E-commerce companies and quick-service restaurants may soon have to put the brakes on last-mile deliveries through private two-wheelers with the government working on rules to regulate their use for commercial purposes.
Currently, most e-tailers and restaurants outsource deliveries to two-wheeler riders as it both speeds up the process and is cost-effective. In many cases, the delivery person owns the bike and gets paid a commission upon completion of the job. This is all set to change with the government planning a new categorisation called ‘two wheeler goods vehicles’. These will be fitted with a box for carrying goods, according to a draft notification issued by the Union road transport ministry.
“Any motor vehicle used for commercial purposes should be treated as such regardless of the number of wheels. We are witnessing rampant misuse of the law by several firms that use private two-wheelers for commercial purposes. We are writing to the government as we need rules,” said SP Singh, senior fellow and co-coordinator of Indian Foundation for Transport Research and Training, an independent body.
While there are a few rules for private vehicles, if classified as commercial, a different set of rules would kick in. Some of these include differentiated insurance tariffs, road taxes, mandatory periodical fitness certificates, driver badges, police verification. All this will push up cost of deliveries. TOI tried to contact firms like Flipkart, Amazon, Snapdeal, and Swiggy but emails and calls went unanswered.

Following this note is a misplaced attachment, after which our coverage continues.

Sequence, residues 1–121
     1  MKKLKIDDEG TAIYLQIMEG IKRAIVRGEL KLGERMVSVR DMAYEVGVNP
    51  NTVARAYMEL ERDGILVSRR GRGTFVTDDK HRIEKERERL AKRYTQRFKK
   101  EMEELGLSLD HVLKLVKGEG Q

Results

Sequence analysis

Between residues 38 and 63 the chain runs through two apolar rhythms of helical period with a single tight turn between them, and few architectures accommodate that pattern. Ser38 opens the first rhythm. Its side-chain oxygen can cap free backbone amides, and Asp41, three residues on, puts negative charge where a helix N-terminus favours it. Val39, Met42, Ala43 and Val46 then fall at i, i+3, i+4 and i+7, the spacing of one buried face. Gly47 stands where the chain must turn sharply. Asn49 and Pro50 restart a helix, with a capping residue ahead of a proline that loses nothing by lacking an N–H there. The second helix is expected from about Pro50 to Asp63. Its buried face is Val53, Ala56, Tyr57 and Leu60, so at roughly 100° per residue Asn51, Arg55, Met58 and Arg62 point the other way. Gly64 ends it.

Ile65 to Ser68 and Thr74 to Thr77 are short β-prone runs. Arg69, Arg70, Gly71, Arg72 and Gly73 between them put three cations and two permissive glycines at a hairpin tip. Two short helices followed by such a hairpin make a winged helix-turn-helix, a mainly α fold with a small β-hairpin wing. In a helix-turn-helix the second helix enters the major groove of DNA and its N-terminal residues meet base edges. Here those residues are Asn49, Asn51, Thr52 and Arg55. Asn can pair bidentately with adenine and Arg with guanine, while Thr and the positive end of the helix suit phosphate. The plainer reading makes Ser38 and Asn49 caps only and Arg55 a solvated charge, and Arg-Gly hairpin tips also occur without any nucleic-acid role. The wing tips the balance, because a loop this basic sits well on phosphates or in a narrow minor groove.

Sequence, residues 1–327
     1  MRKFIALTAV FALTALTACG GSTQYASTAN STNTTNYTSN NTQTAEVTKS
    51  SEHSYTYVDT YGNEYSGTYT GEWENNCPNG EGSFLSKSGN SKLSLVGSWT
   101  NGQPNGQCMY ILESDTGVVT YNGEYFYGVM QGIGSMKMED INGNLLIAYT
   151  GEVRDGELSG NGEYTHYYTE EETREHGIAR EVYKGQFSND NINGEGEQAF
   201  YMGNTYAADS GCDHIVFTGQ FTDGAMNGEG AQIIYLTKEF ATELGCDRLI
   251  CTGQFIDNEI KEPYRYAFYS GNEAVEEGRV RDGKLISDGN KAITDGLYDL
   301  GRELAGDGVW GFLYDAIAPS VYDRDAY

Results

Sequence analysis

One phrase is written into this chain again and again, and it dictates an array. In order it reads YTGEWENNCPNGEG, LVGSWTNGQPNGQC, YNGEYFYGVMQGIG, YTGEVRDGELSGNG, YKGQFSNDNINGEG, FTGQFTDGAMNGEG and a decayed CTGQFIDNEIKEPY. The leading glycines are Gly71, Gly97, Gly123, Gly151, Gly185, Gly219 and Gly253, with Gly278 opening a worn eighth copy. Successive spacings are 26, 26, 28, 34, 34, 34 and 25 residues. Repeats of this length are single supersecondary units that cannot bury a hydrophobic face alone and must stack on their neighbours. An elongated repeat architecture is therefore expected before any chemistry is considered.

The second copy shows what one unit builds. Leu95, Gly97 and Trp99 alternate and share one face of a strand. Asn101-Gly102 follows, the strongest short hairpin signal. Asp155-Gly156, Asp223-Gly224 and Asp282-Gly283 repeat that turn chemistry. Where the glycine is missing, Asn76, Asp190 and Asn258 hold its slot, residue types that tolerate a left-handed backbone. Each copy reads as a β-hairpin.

The Union road transport ministry issued the draft rules on two-wheeler goods vehicles last November but the final notification is yet to come. “We are processing the suggestions and objections that we have received to the draft notification. The final notification will be out soon,” said a transport ministry official.
The proposed norm specifies that the two-wheeler go- ods vehicles will have to be 550mm long and 510mm wide, while each box could carry a maximum weight of 30kg. This will prevent overloading, a common problem.
Insurers too are waiting for regulations. “We insure two-wheelers knowing fully well that they are used for pizza delivery. The Insurance Regulatory and Development Authority does not have any separate classification for commercial two wheelers,” an insurer said.
Once the rules get notified, it will be left to the states to implement them. For instance, states like Karnataka oppose two-wheeler taxis while Haryana and Goa have allowed them.Share This